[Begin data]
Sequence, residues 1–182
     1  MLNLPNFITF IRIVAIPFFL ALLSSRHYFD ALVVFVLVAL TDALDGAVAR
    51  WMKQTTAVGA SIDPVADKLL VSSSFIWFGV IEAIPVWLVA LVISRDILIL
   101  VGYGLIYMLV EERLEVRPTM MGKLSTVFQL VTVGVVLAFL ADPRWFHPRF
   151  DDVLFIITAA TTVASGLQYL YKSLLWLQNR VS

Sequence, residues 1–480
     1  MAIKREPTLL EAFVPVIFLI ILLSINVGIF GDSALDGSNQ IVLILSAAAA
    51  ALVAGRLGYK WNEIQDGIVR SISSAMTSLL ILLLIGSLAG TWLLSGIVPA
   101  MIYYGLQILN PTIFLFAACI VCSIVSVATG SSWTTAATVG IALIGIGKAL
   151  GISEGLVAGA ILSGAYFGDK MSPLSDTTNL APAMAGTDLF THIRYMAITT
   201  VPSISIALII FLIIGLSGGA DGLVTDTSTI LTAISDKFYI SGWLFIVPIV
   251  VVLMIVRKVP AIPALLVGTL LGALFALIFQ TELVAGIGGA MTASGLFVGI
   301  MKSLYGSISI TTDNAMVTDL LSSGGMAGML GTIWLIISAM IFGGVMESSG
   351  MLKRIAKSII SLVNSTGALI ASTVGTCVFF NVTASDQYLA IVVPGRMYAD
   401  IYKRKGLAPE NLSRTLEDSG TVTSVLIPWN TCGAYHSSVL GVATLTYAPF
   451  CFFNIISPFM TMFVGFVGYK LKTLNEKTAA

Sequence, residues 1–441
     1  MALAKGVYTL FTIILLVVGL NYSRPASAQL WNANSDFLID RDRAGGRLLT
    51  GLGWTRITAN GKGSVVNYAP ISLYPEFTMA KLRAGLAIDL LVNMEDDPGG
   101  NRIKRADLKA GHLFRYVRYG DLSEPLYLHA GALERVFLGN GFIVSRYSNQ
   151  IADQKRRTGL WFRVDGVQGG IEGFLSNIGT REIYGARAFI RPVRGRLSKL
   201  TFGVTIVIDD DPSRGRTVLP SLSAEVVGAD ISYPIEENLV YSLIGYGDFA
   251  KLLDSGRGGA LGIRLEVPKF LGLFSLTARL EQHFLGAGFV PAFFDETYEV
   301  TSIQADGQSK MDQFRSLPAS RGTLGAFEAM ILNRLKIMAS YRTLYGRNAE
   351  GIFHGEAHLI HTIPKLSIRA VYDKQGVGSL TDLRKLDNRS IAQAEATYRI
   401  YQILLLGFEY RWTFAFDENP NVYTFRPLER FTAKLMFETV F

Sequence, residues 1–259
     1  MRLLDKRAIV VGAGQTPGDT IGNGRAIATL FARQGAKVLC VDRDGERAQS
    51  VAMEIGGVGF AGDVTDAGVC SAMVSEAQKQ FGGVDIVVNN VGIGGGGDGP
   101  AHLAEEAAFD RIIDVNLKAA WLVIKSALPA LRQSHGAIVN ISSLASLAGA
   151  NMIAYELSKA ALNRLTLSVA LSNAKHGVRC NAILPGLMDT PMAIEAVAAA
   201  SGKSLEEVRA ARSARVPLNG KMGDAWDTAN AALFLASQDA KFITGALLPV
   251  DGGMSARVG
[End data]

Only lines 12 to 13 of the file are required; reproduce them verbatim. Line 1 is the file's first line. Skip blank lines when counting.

   251  VVLMIVRKVP AIPALLVGTL LGALFALIFQ TELVAGIGGA MTASGLFVGI
   301  MKSLYGSISI TTDNAMVTDL LSSGGMAGML GTIWLIISAM IFGGVMESSG